I’ve always thought Charles Bradley was ghastly, just ghastly – and the pairing of his parched, busted, broken gospel-funk yelp with the shiny-new Daptone horns is, of course, genius. It’s Ikea Soul Music TM – the problem is never that various Chandlers and Joeys are telling you that you must try it, it’s when some knowledgeable head, raised on James Brown and Al Green and Otis and Aretha tells you, too, that you must try it.
I’ve tried it – several times – including nearly making it to the halfway mark of one of his concerts. No thanks. The dude cannot sing. The songs are dull as the dishwater he once bathed in back on difficult street where he earned his stripes.
I’m convinced that he cannot sing. Nothing will change my mind. But I get that some others are sure he embodies soul – and soul music’s hard battles. And hey, they’re convinced too. Well, whatever, we all like to be right. And we’re all sure we are, we’re all allowed a turn at it – until tax season anyway.
I’m starting this review this way because I really have to put across how less than mediocre I think Bradley is. I get the endearing story, rather enjoyed the documentary in spite of his music – but it’s all just done-before and done-so-much-better-before…
So, that said – you can see where I’ve drawn my line – Changes, the new Charles Bradley album, his third, is easily his best. Now that’s obviously some sort of back-handed compliment since I think he’s not good enough for the world’s worst cruise ship, but, this one is nearly palatable. You’ll still hear that awful screech as he aims for the James Brown shout. But the tone and feel of this, musically, is pretty sound. Smartly political enough to line up as part of a Black Lives Matter world. But not so bogged down in politics that it alienates those wanting – just – the casual listen. And slightly reminiscent of the early 2000s “comeback” sets from Al Green and Solomon Burke. In that vein…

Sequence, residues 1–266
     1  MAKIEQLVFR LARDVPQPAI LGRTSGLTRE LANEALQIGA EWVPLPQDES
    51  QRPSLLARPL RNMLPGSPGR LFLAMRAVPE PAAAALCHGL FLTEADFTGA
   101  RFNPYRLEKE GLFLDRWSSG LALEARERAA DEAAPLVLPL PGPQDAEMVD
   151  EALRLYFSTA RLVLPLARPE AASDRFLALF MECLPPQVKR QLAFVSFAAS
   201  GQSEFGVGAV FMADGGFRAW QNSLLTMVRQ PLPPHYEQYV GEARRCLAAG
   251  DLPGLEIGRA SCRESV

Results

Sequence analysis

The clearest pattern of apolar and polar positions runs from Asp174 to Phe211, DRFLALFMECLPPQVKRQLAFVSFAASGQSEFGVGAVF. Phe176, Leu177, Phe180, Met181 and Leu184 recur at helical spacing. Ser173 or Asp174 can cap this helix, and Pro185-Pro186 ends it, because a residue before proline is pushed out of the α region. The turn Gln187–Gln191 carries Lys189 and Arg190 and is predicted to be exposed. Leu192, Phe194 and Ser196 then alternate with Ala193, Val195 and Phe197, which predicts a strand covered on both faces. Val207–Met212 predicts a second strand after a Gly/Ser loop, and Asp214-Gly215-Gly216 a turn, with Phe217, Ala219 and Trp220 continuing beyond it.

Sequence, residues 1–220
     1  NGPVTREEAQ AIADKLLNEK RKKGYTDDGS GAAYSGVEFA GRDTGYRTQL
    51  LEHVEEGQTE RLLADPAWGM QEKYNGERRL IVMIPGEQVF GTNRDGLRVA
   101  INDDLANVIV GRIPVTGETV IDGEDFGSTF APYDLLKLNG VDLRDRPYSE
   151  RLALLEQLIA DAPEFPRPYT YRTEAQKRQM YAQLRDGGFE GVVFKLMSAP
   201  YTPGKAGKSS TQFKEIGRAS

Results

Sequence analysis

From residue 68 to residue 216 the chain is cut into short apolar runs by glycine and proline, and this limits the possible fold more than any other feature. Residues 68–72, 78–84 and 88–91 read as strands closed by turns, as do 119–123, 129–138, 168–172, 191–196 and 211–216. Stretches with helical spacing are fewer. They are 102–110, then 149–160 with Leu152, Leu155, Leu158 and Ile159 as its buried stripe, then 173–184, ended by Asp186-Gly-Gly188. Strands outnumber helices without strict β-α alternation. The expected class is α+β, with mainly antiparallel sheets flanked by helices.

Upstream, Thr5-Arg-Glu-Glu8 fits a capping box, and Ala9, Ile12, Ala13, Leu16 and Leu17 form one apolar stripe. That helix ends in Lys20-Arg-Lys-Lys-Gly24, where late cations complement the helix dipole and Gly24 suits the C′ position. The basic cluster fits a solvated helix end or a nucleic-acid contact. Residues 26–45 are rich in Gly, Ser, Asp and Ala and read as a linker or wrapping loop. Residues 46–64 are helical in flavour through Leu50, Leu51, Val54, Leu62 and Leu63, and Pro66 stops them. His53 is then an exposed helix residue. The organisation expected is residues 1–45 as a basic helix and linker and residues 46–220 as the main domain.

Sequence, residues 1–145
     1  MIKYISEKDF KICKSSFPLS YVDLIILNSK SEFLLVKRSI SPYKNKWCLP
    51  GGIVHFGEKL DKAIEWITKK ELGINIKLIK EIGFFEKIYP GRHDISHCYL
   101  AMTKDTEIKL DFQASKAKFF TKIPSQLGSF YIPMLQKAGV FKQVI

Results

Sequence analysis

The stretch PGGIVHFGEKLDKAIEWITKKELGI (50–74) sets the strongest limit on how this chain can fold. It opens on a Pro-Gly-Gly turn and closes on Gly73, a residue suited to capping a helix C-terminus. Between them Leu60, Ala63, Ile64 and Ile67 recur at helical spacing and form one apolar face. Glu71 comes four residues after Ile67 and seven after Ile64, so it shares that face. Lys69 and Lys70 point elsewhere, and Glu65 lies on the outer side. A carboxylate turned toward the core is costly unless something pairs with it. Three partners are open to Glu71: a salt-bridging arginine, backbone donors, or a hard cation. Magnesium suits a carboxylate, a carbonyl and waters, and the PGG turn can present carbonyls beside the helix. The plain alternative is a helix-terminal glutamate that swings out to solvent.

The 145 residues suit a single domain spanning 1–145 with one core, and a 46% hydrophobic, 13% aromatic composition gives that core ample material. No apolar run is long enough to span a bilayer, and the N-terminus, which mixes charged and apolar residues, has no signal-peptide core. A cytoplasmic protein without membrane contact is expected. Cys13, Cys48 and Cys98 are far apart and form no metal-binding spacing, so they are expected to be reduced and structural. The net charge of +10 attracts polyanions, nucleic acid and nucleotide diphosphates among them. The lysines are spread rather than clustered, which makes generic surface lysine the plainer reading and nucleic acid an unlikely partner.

This is a smartly assembled set of songs and it has a summer-time good-feeling flow to it.
The title track is a soul version of Black Sabbath’s songs Changes. And it’s great. A clever trick given the original was such a dirge and usually it’s been Bradley’s practice to drag songs back toward the dirge. Here the overused “Magic Trick” of funking up a song from the rock world (Lee Fields and Sharon Jones just stop it!) works a small wonder, not quite a miracle, but close enough. (Extra close when you consider that Bradley is a horrific hack – sorry, just reminding you of that line I’ve drawn).
I still don’t see the point – in a world where you can find anything and everything by Sly & The Family Stone and Al Green and Donny Hathaway and The Meters and Allen Toussaint and so many others I’m baffled as to why you’d need this gravel-voiced coal-dumping bore; his story is a celebration though of overcoming vice, of surviving. And we love that sort of a story. So much so we’ll take an inferior soundtrack to boot.
So Bradley fans are in for a treat – or given I’ve hated everything to date and am trying to give this a mild tick maybe this album’s total rubbish. Who knows? There is a shed in the garden, of that we can be certain, but where is the truth?